Fears provoked by the anti-vaccination movement may appear exaggerated if we consider that, worldwide, the vast majority of people believe that vaccines are safe and effective (79 percent and 84 percent, respectively, according to the World Health Organization). Yet a small number of unvaccinated people is enough to threaten the immunity of the population.
The Greek Health Ministry's Immunization Committee is planning to send the World Health Organization (WHO) a letter asking that it clarify its decision last week to list Greece among four European nations - including the Czech Republic, Albania and the United Kingdom - where measles is no longer considered eradicated.
Worldwide, measles cases are increasing, a disease that has a vaccine but can be deadly or cause serious harm to children, according to the World Health Organization (WHO).
The reported cases of the disease have jumped nearly three times in the last one year.
Their total number for 2019 is 365,000, the highest since 2006, but experts suspect millions are actually infected.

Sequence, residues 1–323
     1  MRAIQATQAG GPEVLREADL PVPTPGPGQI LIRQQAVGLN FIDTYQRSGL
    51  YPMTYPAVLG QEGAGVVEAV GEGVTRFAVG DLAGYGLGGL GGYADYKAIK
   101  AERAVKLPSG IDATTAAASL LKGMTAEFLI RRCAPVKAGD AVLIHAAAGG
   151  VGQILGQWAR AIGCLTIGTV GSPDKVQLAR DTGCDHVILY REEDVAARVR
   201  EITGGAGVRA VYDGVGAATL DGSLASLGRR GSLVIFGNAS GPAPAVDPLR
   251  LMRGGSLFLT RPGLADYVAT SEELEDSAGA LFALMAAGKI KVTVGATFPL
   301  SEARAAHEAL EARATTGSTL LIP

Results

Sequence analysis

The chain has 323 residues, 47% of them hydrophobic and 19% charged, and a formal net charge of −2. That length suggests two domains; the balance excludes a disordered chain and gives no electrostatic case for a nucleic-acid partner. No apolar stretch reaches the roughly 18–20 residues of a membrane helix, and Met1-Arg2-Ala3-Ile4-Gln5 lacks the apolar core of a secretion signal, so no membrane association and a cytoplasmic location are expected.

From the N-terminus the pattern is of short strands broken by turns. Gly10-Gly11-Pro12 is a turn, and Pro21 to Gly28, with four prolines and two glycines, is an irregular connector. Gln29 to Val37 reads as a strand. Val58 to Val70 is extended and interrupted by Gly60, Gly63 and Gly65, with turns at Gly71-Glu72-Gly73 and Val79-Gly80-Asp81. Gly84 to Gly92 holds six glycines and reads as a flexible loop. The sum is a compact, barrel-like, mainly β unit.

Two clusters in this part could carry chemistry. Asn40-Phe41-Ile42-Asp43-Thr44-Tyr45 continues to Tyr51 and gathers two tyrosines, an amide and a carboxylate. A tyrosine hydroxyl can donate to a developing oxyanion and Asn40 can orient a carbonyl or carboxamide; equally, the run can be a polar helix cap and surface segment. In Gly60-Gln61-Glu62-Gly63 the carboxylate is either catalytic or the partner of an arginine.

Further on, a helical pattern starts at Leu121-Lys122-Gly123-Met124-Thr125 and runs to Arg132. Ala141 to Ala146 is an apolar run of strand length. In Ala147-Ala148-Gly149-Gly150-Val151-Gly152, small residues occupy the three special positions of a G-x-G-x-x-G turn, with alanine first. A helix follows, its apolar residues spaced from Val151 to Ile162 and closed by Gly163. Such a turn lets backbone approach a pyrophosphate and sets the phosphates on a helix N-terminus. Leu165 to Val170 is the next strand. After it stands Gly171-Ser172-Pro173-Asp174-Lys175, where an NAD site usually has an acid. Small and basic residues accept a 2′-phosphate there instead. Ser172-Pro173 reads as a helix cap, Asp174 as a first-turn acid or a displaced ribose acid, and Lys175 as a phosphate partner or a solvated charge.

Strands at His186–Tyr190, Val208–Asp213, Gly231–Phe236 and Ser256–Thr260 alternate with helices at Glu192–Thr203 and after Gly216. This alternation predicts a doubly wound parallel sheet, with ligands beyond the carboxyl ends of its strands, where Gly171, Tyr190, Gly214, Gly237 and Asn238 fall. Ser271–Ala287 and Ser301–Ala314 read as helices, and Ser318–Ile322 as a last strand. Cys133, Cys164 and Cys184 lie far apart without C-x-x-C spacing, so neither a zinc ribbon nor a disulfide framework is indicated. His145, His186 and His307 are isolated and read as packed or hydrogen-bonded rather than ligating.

Scientists are working hard on a vaccine against the African swine fever because of the outbreak of the virus in Asia, according to the Associated Press quoted by BTA.
Farmers have delayed the spread of the virus for a long time by quarantine and killing the infected animals. However, the devastating onset of the disease in East Asia is intensifying and requires another solution.
Public distrust of vaccines means that the world is taking a step backwards in the fight against lethal but preventable diseases, said experts quoted by the BBC and the Bulgarian National Radio.
The largest global survey of attitudes to immunisation indicates that confidence in the vaccines is low in some regions.